Habitats around the world are changing, and the birds that live in them have to adapt to survive. Behavioural ecology is the science of why animals do the things they do. Our exhibit shows how we, students from the Maltby Academy in Yorkshire, have partnered with scientists from the University of Sheffield to study wild birds to predict how they will respond to changing environments.
How birds behave tells us a lot about the pressures they face in their environment. Like us, birds have a limited amount of energy and resources, so they face fitness trade-offs. For example, in the breeding season birds may have to reduce the time they spend foraging in order to find a mate. We have created an ecological field site at Maltby Academy and collected detailed experimental and observational data to understand feeding and breeding behaviour, including in response to human disturbance. We hope our findings will inform the local community and beyond about how we can care for wild birds more effectively.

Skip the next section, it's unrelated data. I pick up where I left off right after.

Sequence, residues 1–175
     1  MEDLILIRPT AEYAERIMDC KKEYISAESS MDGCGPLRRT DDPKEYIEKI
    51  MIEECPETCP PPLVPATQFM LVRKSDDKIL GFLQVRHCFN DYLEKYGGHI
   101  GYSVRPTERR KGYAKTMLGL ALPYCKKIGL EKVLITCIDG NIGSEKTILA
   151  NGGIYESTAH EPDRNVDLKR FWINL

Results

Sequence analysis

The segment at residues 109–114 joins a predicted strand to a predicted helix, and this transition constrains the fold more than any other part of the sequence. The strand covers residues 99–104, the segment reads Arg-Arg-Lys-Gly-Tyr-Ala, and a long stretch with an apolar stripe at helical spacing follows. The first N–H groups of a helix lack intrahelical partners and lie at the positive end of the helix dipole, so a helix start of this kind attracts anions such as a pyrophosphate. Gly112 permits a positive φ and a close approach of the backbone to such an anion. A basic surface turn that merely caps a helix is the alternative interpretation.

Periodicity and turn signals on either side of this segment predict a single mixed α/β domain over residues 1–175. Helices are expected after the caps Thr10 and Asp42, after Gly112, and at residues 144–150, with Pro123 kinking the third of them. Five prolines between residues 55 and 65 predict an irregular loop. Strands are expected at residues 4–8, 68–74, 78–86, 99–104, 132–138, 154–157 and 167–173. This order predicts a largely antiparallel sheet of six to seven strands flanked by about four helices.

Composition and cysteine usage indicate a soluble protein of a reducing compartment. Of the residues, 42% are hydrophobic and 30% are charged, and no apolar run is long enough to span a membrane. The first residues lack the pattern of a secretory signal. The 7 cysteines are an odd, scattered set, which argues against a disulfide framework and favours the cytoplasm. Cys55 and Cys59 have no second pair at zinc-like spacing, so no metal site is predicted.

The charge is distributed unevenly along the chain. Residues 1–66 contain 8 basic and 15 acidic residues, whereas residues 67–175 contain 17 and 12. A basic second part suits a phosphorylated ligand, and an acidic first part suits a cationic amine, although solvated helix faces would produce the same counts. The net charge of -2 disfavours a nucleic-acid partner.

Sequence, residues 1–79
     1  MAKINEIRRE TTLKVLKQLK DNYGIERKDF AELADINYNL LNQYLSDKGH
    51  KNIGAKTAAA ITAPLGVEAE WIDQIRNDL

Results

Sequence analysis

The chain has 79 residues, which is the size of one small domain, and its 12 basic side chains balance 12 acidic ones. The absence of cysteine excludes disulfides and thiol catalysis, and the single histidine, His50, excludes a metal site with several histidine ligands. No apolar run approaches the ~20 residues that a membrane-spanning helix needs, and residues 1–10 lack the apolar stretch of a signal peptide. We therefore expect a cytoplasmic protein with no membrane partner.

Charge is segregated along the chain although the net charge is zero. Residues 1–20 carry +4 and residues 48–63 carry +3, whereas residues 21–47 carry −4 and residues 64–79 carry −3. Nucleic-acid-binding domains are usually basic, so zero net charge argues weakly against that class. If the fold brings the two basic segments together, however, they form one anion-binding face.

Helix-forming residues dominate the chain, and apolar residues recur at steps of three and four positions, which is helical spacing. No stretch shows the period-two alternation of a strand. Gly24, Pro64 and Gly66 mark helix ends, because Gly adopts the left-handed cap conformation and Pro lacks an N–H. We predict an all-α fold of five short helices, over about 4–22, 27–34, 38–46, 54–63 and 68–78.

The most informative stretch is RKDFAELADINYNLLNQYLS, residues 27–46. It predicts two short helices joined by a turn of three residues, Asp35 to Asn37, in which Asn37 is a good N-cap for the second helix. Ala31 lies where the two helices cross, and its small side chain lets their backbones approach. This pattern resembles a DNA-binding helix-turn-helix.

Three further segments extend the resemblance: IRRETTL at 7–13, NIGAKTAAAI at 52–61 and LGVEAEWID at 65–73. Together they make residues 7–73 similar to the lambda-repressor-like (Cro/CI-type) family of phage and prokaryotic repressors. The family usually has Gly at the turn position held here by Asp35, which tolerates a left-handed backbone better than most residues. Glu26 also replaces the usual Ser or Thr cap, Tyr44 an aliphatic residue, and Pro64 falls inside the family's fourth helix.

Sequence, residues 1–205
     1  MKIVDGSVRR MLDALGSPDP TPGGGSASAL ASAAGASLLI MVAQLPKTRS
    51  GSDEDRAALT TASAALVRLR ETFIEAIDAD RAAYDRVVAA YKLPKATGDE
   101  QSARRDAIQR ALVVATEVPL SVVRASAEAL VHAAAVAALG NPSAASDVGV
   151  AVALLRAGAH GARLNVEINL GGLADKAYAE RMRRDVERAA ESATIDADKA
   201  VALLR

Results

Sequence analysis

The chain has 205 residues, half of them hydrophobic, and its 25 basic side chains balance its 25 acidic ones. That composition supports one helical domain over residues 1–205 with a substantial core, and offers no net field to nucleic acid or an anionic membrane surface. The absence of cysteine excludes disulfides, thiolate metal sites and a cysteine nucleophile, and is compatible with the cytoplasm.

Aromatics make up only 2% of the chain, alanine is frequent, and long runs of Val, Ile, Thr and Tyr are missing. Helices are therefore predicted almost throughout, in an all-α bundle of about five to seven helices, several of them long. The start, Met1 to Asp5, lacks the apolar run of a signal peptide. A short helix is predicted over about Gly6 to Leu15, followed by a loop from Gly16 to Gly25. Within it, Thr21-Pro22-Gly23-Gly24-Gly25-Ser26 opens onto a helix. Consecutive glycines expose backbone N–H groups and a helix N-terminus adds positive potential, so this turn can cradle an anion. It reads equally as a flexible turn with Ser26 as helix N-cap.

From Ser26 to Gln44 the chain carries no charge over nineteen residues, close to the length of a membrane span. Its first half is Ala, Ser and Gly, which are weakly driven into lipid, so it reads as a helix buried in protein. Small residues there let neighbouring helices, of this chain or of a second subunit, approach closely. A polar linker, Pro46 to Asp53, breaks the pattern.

Our research has been funded by a Royal Society Partnership Grant, enabling science, technology, engineering and mathematics research projects in UK schools and colleges.
Find out more about the Secret Life of Birds.
Presented by: Maltby Academy, University of Sheffield
Blue tits foraging for food. Harsh weather, alongside many other environmental conditions, can drive competition for food. Credit: Jonathan Ball